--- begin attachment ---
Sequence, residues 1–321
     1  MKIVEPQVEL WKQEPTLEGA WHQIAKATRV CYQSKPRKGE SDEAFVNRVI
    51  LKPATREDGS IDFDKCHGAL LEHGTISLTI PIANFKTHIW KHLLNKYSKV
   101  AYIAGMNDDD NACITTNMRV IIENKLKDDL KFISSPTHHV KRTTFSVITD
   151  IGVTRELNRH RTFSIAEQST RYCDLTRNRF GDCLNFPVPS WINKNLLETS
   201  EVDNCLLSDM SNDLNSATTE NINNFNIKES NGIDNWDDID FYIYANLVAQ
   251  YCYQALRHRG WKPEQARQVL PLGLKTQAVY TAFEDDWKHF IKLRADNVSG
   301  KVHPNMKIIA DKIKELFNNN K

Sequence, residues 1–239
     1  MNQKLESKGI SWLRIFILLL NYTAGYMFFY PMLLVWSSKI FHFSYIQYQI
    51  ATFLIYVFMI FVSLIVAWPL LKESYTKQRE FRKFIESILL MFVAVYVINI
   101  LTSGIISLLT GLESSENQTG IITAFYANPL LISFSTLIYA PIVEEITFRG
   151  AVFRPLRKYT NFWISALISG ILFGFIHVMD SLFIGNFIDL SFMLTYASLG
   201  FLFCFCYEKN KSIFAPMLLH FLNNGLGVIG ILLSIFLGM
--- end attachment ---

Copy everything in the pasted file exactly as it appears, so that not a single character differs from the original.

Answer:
Sequence, residues 1–321
     1  MKIVEPQVEL WKQEPTLEGA WHQIAKATRV CYQSKPRKGE SDEAFVNRVI
    51  LKPATREDGS IDFDKCHGAL LEHGTISLTI PIANFKTHIW KHLLNKYSKV
   101  AYIAGMNDDD NACITTNMRV IIENKLKDDL KFISSPTHHV KRTTFSVITD
   151  IGVTRELNRH RTFSIAEQST RYCDLTRNRF GDCLNFPVPS WINKNLLETS
   201  EVDNCLLSDM SNDLNSATTE NINNFNIKES NGIDNWDDID FYIYANLVAQ
   251  YCYQALRHRG WKPEQARQVL PLGLKTQAVY TAFEDDWKHF IKLRADNVSG
   301  KVHPNMKIIA DKIKELFNNN K

Sequence, residues 1–239
     1  MNQKLESKGI SWLRIFILLL NYTAGYMFFY PMLLVWSSKI FHFSYIQYQI
    51  ATFLIYVFMI FVSLIVAWPL LKESYTKQRE FRKFIESILL MFVAVYVINI
   101  LTSGIISLLT GLESSENQTG IITAFYANPL LISFSTLIYA PIVEEITFRG
   151  AVFRPLRKYT NFWISALISG ILFGFIHVMD SLFIGNFIDL SFMLTYASLG
   201  FLFCFCYEKN KSIFAPMLLH FLNNGLGVIG ILLSIFLGM